A team from MAF flew with partner organisations to an isolated community in PNG to help people take a stand against violence.
Story by Mandy Glass. Photos by Annelie Edsmyr and Landen Kelly.
A new initiative is bringing hope to women and girls in Papua New Guinea as teams fly with MAF to help change attitudes to gender-based and sorcery-accusation-related violence.
Yanamlyn Yana, who works with the PNG Tribal Foundation as the Senisim Pasin Campaign Coordinator, was touched by the warm welcome as a huge crowd greeted the plane at the community of Pyarulama.
“As soon as we arrived, I was a bit emotional because the entire trip coming here, the mountains represented something from home, the trees, the rivers, and whatnot. When we landed, the children were there as well as the parents. They were very happy and excited to see us, already aware that there was going to be a programme happening,” she said. “As an NGO, Tribal Foundation always looks at ways in which we could have a lasting impact on the lives of people.” In the Tok Pisin language “Sinisim Pasin” means “change our ways”. Tribal Foundation, along with MAF, are encouraging families and communities to change the way they solve conflicts. The third partner in this work is Bread for the World, which is funding six outreaches.
Villagers gave their guests a huge welcome, delivering an abundance of watermelons and other homegrown fruit as a lavish show of gratitude. Yanamlyn said the project needed to turn around an attitude that violence was an acceptable part of life in the home.
“It is concerning as well to know that the community considers it normal. That means that there is a lot of work to do just to help them understand that this is not the way to solve issues. And that there are other, better ways that an issue of misunderstanding or quarrel can be solved through proper ways of communication,” she said. Community Health Worker Matthew Panglass regularly sees the impact of violence. “There were several domestic violence cases. One day, a man chopped his wife on the head, and then they brought her here. And since I couldn't manage it, I called MAF and I referred her to Kompiam hospital. Sometimes there’s trouble fighting with gun wounds. Sometimes they fight within the family and the brother killed another brother or something,” he said.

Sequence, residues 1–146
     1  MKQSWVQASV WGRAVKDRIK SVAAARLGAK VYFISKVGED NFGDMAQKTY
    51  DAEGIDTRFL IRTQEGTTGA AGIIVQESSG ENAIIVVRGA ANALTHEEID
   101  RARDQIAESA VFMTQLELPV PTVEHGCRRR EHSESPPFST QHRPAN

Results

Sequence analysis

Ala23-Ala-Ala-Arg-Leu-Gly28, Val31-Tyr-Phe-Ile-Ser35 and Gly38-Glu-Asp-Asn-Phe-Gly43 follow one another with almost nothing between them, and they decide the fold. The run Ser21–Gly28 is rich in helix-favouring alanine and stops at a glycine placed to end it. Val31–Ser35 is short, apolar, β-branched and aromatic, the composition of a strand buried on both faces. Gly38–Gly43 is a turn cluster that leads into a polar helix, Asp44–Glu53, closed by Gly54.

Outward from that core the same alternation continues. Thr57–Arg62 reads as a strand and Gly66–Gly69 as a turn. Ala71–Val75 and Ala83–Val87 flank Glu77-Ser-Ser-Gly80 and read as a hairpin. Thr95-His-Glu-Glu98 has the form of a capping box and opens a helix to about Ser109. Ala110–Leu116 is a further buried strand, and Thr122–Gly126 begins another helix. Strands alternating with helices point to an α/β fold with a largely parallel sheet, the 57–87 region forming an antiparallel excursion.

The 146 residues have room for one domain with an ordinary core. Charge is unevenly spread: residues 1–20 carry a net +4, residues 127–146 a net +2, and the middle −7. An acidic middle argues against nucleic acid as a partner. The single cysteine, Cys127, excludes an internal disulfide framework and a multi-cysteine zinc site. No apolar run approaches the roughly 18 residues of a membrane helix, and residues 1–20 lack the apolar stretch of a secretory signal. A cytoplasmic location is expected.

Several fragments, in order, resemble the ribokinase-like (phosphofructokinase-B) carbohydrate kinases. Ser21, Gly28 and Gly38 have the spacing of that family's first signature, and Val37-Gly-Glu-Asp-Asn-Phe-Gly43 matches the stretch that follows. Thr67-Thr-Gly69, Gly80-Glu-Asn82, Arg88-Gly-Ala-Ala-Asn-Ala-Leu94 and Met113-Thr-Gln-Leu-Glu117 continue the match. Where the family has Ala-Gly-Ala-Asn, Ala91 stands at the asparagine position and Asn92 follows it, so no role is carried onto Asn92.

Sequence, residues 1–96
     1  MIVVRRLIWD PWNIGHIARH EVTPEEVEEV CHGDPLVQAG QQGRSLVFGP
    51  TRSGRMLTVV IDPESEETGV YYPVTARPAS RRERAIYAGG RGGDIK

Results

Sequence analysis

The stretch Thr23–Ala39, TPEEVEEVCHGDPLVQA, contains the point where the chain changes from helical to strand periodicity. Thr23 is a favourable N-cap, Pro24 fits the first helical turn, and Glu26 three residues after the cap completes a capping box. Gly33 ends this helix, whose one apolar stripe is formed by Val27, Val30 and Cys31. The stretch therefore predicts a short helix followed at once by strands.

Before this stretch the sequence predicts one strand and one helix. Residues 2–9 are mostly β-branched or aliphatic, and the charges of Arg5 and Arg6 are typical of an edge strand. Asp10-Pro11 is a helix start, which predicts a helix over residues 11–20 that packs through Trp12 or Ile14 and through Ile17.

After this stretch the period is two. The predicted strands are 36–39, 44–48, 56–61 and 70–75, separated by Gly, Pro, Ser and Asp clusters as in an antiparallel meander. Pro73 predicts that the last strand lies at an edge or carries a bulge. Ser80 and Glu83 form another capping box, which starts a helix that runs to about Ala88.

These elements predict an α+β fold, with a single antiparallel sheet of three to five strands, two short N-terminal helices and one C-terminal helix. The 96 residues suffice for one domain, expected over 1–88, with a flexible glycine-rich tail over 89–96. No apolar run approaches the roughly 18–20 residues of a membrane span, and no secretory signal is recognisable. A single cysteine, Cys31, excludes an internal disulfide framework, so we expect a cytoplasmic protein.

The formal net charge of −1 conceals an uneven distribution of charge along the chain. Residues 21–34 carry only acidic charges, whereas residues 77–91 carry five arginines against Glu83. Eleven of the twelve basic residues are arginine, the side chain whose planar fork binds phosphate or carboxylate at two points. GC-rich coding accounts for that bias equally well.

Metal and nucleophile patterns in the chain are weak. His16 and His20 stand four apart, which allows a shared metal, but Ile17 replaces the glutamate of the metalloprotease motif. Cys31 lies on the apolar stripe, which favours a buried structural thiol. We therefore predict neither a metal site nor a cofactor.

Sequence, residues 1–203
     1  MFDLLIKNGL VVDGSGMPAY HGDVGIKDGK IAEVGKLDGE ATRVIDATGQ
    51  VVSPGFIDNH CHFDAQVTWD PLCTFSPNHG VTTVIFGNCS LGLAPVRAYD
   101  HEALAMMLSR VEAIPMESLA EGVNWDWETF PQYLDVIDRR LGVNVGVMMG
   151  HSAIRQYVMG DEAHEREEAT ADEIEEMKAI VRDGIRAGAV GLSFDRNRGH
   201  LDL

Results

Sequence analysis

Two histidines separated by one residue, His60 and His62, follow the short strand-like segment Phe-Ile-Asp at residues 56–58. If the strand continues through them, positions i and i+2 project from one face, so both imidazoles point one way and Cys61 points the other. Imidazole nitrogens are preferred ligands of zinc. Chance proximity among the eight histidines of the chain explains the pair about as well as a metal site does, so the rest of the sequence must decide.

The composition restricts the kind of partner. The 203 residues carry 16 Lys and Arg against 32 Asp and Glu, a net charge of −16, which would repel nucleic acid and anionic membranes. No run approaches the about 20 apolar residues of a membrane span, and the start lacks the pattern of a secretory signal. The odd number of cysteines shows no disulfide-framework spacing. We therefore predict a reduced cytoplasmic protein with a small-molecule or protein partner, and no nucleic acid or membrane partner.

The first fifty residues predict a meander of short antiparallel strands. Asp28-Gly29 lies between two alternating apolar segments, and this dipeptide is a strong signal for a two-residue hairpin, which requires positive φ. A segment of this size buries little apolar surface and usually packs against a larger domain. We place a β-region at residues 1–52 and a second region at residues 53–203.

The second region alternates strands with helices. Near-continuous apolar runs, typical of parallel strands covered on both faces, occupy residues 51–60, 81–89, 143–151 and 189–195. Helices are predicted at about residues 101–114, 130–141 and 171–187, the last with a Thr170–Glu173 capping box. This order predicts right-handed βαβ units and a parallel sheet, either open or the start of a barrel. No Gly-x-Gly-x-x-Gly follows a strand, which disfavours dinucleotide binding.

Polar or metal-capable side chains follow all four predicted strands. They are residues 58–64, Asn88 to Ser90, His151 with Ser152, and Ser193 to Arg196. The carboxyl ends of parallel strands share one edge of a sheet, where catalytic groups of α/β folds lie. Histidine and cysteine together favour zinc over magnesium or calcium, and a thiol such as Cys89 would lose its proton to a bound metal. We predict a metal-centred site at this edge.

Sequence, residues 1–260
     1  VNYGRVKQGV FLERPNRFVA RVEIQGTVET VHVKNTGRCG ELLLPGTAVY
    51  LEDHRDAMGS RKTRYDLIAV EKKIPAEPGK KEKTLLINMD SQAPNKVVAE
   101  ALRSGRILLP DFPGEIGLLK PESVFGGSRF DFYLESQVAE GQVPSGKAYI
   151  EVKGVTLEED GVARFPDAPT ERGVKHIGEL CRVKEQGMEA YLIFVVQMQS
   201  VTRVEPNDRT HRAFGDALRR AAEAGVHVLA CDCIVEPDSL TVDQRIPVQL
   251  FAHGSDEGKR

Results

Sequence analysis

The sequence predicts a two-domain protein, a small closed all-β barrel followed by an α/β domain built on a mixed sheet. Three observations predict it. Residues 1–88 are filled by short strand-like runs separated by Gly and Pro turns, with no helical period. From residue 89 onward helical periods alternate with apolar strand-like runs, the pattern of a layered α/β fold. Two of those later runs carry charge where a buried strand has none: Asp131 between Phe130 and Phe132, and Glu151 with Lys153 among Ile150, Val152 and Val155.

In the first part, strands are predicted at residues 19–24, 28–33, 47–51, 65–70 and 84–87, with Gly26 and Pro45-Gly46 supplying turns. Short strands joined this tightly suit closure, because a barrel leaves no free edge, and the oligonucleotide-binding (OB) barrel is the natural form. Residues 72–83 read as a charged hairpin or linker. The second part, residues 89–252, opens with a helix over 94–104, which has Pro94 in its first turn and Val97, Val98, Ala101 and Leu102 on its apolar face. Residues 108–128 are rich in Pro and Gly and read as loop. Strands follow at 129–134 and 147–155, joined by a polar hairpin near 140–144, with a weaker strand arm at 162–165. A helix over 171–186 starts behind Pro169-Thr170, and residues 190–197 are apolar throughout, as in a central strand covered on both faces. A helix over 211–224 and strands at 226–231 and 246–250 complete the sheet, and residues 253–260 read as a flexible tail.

Joshua Wari, MAF’s Ground Operations Deputy Manager, said: “Some people that we interviewed were honest with themselves, honest with their marriage. Others held back a little bit because we couldn't get them to a secret place.” MAF’s Commercial Stores Officer Daniel Kingal said young girls were among the worst affected. “Some of them are sent to forcefully engage in marriage because they don't have schools and other services here. So, the only option is to get married to a local leader, just so they can have security provided,” he said. Yanamlyn said interviews showed that violence was seen as a normal part of life. “Most men, or the few whom I had one-on-one conversations with, think that every man is doing it. And every man in the country must be doing it. That's how they see it,” she said.
Between 200 and 300 people mingled around the screening area, eager to watch and listen to the Senisim Pasin message, not worried about the threat of rain. Thankfully, the rain held off long enough for families to watch the Senisim Pasin message on the big screen. Yanamlyn said: "Some of them were speaking in their language and Solo [who understands the local Engan language] said when we called for the action, the pledge signing, they said, 'Yeah, we don't want fights anymore. We want peace, and then we want to sign up for this.' So that was something that a lot of the men were saying. And then they started walking up to sign the pledge.
“That is what we want to see in Senisim Pasin. They've seen the evidence of what violence has done through the testimonies and the stories of the people in the film. And now they're pulled towards ‘What can I do?’ And then we give them this opportunity to take a stand with us.”
Partnering with the Tribal Foundation, taking the Senisim Pasin campaign to rural communities really resonates with MAF’s vision to bring help, hope, and healing to people living in isolation. “We also look for partnerships that will have a strategic and lasting impact on the lives of people. And I believe, MAF is a partner in this reach to have as many people be educated about gender-based violence, and sorcery- accused related violence,” Yanamlynsaid. “MAF is doing incredible work serving a lot of communities.
“Many families saved their mothers, and their children, making access to justice, health, and education services possible for communities like Pyarulama and all the other communities like this community.”